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Maybe you’ve heard a pitch like this if you've flown recently: "Earn 60,000 miles after you open a new credit card — enough for a free international round-trip ticket." So you sign up for the card, meet the minimum spending requirement within a few months and earn that big bonus.
But then you remember an inconvenient fact: Your spouse, friend or family member needs a ticket, too.
Suddenly, that pile of points appears to be only about half of what’s required.
Thanks to the flexibility of one-way award redemptions, your trip could still happen sooner than you think — especially if more than one credit card is involved. Here’s how one-way redemptions can work to your advantage.
You can use points from multiple frequent-flyer programs
Let’s say a ticket to your dream destination would cost 30,000 points per person each way, or 120,000 points total for all four legs. You might not have that many points in one frequent-flyer program, but if you have 60,000 points in two separate programs, piecing together the itinerary as four one-way flights rather than two round-trip flights could give you and your travel partner flexibility you wouldn’t otherwise have.
This works if you and your travel partner are both using points, too. In the example above, say you have 60,000 miles in one airline’s program, and your partner has 60,000 in a different program. You could book the outbound flight for both you and your partner with your miles, then your partner could use his or her miles to book the flight home for both of you.
Flexibility can help you avoid bad flights
Longtime frequent flyers can attest to this frustratingly common scenario: You go to book a flight with rewards and find plenty of attractive outbound options. But when you look at return flights, they all require considerably more miles. Or maybe the only options have multiple stops. Or maybe they depart or arrive at an ungodly hour.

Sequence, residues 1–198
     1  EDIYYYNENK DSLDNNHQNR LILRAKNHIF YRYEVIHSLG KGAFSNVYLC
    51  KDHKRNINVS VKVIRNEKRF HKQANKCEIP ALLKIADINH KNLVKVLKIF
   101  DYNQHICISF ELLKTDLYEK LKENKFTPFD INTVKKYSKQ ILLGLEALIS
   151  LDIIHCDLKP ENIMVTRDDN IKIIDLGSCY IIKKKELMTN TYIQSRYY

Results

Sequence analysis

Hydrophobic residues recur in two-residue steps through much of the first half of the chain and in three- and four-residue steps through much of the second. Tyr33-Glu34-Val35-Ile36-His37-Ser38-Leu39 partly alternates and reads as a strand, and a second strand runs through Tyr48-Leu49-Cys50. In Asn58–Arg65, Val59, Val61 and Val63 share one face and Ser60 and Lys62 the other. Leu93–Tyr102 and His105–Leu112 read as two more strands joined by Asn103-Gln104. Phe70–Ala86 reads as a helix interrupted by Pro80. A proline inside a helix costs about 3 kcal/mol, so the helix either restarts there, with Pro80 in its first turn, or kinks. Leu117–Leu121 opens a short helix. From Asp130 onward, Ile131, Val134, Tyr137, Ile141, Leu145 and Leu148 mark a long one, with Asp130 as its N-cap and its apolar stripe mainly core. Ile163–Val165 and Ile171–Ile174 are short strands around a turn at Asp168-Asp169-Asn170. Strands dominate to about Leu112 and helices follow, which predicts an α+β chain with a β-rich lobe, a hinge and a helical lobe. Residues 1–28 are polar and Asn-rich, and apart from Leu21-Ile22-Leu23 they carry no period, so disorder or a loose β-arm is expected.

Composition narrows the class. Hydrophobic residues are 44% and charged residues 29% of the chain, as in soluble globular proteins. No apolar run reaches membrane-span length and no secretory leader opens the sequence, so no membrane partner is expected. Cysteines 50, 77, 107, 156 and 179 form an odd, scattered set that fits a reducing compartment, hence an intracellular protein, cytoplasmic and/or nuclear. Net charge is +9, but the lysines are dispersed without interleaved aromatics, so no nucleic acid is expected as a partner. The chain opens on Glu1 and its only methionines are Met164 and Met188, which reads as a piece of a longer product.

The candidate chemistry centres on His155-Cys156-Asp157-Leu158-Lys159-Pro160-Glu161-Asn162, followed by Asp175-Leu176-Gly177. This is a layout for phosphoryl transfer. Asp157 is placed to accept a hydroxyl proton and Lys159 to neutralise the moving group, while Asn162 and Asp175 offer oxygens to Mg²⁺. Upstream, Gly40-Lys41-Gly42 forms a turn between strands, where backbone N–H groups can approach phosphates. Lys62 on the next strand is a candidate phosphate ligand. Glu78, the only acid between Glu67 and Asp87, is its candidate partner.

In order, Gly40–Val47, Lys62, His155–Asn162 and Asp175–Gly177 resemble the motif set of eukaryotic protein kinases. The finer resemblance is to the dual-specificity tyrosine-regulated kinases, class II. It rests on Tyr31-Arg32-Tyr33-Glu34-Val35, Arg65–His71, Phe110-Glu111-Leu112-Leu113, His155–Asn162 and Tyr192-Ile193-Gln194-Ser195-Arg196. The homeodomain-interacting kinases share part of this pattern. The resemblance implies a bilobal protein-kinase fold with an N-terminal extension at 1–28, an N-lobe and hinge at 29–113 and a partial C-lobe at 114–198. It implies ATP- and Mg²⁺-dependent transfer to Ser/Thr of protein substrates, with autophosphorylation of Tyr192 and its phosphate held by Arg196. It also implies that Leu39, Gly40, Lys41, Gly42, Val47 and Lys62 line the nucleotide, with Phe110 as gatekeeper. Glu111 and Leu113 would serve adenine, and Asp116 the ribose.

But when you have the points to take a different airline in each direction paired with the flexibility to pick your dates, a world of options opens up. Such flexibility is even more important when looking for two award seats on the same flight.
Credit card bonuses can get you there faster ...
Let’s go back to the scenario where you earned 60,000 miles after signing up for a credit card and meeting the minimum spending requirement. Once that happens, chances are you’ll never earn miles that fast again. After the big bonus, many cards pay just a mile per dollar charged to the card for general spending.
For anyone savvy to one-way redemptions, one solution is clear: Sign up for a competitor’s card, too. (Or you can sign up for one card while your travel companion signs up for another.) Assuming you can meet the minimum spending requirements, you’ll end up with two piles of points that you can use for travel in each direction.
Beware, though: Cards with big bonuses often require you to pay an annual fee, and you don’t want to get in debt to earn those bonuses. Be sure to give yourself enough time to get the cards, meet minimum spending requirements responsibly, earn the miles and book the trip.
… and so can certain kinds of spending
Travel credit cards often let you earn bonus points in certain spending categories, such as restaurants, grocery stores or gas stations. By signing up for credit cards from competing airlines, you can maximize the strengths of each card’s bonus categories — and that added flexibility means more miles, more quickly. This is a strategy for the long haul, though. Even in the rosiest of spending scenarios, it’ll likely take you a while to build up enough miles for one flight, let alone two.